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Wheel chaire athlete

W Pepke, M Brunner, R Abel, H Almansour, H J Gerner, A Hug, F Zeifang, Y Kentar, T Bruckner, M Akbar
QUESTION: Shoulder pain and rotator cuff tears are highly prevalent among wheelchair dependent individuals with paraplegia. The purpose of this study was to identify potential risk factors associated with the development of rotator cuff tears in this population. METHODS: A total of 217 wheelchair dependent individuals with paraplegia were included in this cross-sectional study (level of evidence III). The mean age of this population was 47.9 years and the mean duration of wheelchair dependence was 24...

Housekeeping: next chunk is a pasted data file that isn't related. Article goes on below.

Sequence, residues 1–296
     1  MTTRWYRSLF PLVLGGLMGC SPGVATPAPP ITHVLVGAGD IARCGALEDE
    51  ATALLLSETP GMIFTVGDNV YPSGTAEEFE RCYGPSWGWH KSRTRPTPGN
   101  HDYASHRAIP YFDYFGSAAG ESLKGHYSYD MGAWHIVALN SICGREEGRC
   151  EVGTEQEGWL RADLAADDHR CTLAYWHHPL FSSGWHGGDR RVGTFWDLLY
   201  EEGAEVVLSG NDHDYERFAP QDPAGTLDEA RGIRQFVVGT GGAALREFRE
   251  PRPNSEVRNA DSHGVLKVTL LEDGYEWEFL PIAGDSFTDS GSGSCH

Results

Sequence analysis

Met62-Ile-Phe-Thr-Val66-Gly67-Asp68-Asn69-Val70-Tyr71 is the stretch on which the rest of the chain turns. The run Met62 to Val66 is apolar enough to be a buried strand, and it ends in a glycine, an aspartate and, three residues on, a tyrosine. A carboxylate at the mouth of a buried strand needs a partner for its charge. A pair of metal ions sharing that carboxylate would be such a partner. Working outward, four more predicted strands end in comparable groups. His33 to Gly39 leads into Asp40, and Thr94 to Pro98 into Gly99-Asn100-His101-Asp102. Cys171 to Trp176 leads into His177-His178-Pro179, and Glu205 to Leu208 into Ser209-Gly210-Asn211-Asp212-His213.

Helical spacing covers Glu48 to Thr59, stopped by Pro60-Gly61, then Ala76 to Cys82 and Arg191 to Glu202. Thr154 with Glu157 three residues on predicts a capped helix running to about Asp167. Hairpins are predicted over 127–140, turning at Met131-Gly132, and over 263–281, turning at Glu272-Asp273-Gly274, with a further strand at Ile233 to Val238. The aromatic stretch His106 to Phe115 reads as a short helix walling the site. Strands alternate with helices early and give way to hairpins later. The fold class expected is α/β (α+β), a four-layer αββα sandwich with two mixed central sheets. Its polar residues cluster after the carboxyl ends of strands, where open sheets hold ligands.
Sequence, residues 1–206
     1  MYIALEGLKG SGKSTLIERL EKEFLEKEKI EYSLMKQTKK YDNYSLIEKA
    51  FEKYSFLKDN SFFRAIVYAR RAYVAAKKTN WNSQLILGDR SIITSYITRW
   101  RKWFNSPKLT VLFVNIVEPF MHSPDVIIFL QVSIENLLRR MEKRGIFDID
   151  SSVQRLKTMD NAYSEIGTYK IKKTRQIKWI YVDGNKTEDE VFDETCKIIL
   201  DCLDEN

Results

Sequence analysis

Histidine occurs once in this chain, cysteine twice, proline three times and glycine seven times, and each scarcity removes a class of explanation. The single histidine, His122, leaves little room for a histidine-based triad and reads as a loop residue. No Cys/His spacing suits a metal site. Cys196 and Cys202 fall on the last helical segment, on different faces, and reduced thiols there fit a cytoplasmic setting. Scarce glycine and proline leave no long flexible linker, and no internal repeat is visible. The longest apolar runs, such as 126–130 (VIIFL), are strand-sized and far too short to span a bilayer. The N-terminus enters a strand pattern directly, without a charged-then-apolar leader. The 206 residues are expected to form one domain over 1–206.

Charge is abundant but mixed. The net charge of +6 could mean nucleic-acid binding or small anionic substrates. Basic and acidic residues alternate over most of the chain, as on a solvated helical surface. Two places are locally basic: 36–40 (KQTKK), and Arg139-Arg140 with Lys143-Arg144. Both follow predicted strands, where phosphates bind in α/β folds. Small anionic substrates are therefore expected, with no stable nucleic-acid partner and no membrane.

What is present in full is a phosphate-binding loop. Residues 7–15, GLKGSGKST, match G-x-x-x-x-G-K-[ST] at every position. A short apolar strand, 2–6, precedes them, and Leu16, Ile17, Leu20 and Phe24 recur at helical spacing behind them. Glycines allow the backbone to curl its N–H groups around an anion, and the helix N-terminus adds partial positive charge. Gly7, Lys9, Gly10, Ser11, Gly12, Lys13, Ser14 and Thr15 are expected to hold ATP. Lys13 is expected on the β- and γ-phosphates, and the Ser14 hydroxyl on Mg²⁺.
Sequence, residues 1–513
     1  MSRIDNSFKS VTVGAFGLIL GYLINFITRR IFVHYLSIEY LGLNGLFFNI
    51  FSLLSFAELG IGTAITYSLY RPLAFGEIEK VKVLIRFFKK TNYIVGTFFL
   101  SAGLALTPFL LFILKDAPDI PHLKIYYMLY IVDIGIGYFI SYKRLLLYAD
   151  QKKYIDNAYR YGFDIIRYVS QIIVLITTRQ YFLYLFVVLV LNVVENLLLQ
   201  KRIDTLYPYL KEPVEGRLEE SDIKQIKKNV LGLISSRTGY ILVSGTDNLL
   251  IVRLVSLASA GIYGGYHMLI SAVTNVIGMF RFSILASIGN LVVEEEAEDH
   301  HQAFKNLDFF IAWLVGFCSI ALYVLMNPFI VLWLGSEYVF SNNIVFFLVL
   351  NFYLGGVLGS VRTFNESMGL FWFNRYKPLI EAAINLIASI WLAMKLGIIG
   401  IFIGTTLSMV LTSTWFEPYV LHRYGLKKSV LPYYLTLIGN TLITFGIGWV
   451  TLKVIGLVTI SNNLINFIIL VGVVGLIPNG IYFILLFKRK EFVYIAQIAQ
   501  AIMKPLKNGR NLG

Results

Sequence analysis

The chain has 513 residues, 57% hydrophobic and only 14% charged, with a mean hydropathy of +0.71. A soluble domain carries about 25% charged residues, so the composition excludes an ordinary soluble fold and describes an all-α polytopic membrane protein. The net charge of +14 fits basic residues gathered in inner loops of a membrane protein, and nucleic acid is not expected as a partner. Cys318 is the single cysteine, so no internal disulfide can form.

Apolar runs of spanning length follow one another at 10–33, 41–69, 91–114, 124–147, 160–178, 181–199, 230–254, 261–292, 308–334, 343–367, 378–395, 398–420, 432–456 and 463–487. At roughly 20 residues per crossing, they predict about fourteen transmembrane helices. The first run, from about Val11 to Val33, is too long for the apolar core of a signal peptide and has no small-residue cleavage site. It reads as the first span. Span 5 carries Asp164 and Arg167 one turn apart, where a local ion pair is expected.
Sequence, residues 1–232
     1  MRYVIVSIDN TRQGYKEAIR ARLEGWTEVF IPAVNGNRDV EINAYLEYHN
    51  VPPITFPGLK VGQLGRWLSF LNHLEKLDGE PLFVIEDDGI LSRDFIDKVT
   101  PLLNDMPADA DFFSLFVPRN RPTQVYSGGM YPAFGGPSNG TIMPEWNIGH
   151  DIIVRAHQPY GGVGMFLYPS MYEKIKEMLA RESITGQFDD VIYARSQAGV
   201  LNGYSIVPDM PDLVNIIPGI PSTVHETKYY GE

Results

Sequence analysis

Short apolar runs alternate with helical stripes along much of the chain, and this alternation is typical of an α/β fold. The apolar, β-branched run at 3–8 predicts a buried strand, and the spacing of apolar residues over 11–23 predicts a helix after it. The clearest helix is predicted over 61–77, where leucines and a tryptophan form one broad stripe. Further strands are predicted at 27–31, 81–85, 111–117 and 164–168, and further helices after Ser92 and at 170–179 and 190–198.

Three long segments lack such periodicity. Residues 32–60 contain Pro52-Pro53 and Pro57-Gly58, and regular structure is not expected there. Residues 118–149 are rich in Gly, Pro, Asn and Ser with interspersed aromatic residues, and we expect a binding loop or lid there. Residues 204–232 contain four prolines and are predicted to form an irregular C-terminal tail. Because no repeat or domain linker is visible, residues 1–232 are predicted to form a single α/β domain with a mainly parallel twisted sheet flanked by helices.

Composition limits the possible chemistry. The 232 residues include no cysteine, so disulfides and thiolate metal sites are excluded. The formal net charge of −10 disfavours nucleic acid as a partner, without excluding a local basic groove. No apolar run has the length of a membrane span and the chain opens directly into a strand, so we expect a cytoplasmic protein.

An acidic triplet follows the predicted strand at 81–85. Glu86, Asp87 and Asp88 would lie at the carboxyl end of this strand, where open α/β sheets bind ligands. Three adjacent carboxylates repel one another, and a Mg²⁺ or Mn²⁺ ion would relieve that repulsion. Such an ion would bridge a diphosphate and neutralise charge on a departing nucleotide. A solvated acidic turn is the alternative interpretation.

February 27, 2018: Der Orthopäde
Andrea Bundon, Barry S Mason, Victoria L Goosey-Tolfrey
This paper demonstrates how a qualitative methodology can be used to gain novel insights into the demands of wheelchair racing and the impact of particular racing chair configurations on optimal sport performance via engagement with expert users (wheelchair racers, coaches, and manufacturers). We specifically explore how expert users understand how wheels, tires, and bearings impact sport performance and how they engage, implement, or reject evidence-based research pertaining to these components. We identify areas where participants perceive there to be an immediate need for more research especially pertaining to the ability to make individualized recommendations for athletes...
April 2017: Adapted Physical Activity Quarterly: APAQ
Rory A Cooper, Arthur Jason De Luigi